In my HUGE 5 gallon aquascape I had two mollies. Three days later I had 20 some. The problem here is that comets (el cheapo feeder fish) give off a lot of ammonia and fecal matter, just to prove that the cheapest solution isn't always the best. In Make 10 they talk about using ghost shrimp since they more or less take care of themselves. I imagine I will either use these or tetras. There really isn't much room in the new setup. With one or two, the feeding/fecal situation should be fairly easy to deal with. I'd check on Makezine.com and scout around the internet for what organisms are used in aquascapes and mini-biospheres.
Tetras aren't the best choice, many tend to be very delicate (the ever popular neon tetras are an example). Labyrnth fish like bettas, honey or sparkling gouramis which remain small and are hardy. Or one apple snail (Pomacea bridgesii) they don't eat live plants. Another cool choice is african dwarf frog.
Syrcen6 years ago
Set tap water out in a cabnit overnight in an open container and the clorine will 'evaporate' out of the water. If it is a huge anount of water, if could take longer, but a gallon jug of water will be ok for use in most fresh water fish tanks after a single evening.
CapnChkn6 years ago
Really!

It's hard to do this one right, you need just the right balance between temperature, light, plant, animal, and microorganism to make it all work. I salute you!

If you can keep outer organisms from invading, you will have a really workable system going there. I ended up with a lot of blue-green algae sliming everything. This is part of the problem with people using real plants in their aquariums.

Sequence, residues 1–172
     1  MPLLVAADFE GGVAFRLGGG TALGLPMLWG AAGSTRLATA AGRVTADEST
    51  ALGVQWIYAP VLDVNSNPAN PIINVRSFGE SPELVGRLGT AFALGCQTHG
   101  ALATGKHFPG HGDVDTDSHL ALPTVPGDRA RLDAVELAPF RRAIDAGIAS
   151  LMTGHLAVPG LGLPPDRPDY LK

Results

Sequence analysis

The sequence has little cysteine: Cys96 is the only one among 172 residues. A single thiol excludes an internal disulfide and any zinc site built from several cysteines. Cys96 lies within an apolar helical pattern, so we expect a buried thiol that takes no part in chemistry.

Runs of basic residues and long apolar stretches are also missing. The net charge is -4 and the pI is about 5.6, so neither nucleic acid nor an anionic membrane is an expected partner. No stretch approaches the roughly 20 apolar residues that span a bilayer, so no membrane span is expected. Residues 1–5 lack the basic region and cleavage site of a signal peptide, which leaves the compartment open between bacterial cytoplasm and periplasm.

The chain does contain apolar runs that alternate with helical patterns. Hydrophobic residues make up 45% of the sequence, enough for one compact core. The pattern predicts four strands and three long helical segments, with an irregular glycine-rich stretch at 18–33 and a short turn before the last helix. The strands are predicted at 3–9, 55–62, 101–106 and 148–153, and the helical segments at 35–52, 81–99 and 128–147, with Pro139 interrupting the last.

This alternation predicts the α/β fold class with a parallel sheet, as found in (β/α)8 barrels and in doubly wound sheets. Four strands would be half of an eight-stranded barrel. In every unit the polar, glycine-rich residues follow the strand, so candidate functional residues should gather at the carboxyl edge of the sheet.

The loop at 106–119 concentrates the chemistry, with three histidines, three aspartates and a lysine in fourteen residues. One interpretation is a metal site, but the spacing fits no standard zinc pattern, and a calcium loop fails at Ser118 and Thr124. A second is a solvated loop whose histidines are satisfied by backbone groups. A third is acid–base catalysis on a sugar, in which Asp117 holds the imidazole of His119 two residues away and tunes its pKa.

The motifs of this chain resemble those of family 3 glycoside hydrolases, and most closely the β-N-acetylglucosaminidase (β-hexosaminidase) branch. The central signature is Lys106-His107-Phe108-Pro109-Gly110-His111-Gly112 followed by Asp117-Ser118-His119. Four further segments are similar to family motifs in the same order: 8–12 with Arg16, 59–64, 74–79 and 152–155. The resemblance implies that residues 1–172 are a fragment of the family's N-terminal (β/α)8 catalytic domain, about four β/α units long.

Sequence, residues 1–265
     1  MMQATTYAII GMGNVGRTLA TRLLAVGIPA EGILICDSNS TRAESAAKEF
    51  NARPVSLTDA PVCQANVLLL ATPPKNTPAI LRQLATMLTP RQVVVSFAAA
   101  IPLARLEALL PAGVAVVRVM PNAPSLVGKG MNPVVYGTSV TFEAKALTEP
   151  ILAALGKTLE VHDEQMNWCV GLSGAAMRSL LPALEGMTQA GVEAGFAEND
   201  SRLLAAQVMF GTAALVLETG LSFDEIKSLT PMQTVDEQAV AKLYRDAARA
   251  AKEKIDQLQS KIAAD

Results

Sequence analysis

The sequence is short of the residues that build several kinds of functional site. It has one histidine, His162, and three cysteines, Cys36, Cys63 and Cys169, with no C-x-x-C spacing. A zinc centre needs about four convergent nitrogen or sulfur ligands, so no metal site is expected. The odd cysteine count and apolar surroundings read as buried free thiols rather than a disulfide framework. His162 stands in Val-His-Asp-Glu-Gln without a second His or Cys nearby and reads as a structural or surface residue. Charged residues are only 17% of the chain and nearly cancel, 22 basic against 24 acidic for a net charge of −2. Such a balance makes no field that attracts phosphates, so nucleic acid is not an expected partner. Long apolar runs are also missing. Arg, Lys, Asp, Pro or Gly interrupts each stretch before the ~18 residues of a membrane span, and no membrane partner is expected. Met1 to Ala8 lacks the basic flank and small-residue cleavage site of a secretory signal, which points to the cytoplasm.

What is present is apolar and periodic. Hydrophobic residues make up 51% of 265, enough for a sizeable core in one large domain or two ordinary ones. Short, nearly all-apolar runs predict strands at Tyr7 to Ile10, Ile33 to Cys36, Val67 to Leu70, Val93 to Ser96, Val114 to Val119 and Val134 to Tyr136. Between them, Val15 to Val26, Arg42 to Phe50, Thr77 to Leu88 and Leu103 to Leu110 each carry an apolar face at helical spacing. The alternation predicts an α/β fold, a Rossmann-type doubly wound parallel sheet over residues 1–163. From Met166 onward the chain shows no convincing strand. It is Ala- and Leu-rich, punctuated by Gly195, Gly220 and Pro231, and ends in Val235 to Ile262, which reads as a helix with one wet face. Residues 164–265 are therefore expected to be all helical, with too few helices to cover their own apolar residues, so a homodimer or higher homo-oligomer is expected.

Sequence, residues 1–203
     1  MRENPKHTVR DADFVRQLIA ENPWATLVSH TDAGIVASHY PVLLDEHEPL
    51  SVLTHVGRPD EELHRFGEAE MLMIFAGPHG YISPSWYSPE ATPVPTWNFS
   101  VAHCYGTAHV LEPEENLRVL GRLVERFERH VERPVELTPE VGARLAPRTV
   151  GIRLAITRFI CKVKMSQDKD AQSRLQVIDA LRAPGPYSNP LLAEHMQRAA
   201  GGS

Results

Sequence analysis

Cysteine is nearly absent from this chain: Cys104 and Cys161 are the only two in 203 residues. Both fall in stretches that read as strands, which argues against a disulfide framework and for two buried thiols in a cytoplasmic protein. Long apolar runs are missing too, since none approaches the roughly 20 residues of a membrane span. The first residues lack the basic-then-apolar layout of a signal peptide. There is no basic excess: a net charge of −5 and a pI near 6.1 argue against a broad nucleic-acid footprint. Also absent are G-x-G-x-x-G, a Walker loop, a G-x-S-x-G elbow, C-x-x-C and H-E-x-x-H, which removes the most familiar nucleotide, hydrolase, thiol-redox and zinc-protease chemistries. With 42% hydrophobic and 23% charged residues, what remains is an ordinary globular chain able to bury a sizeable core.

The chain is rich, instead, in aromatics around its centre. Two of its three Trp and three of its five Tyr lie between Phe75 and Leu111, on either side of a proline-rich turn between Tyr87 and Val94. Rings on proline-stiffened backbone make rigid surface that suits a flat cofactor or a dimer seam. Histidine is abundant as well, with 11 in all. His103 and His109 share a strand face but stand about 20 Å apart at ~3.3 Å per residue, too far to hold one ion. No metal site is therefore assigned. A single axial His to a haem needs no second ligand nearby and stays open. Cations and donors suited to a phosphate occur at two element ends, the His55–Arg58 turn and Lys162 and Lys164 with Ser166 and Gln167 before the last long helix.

You aren't the first to add a lamp to the machine Cheese! You probably wouldn't want to use fish Brownsug, there's and article written in the early 80's from "Mother Earth News"talking about the same as Sleighbedguy here. The biologist used Anacharis and Ghost shrimp I think.
Very simple, looks really good. An idea, incorporate a light (led or not) put a lampshade on it and you have one SWEET looking lamp
Nice idea!
thanks
jsweeks6 years ago
You can purchase this clay called laterite--I recommend the balls, not the powder. Just push a ball or two into the gravel. You could do this right before you add the bulb(s) Check your online aquarium supplier.
MrT1ki6 years ago
is there any upkeep in making one of these? such as do you need to clean out the water every so often
sleighbedguy (author)  MrT1ki6 years ago
There hasn't been any so far. I swapped out the water when the sprout was about an inch out. The lid keeps the evaporation low, and the distilled water keeps mineral rings from forming. I haven't seen any algae so far. It's been a couple months.
Pro

Get More Out of Instructables

Already have an Account?

close

PDF Downloads
As a Pro member, you will gain access to download any Instructable in the PDF format. You also have the ability to customize your PDF download.

Upgrade to Pro today!